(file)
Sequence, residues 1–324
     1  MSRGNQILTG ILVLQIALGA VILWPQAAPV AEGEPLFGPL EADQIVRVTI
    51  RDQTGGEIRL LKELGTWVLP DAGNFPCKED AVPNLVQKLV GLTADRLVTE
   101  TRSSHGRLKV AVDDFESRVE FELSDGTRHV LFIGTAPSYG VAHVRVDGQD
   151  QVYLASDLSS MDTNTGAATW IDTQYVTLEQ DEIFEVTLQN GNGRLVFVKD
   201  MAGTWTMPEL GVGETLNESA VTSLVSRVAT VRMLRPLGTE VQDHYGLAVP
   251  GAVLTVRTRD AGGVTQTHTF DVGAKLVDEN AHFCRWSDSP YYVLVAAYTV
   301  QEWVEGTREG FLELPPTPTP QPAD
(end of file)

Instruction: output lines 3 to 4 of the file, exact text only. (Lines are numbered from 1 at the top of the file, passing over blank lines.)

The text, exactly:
    51  RDQTGGEIRL LKELGTWVLP DAGNFPCKED AVPNLVQKLV GLTADRLVTE
   101  TRSSHGRLKV AVDDFESRVE FELSDGTRHV LFIGTAPSYG VAHVRVDGQD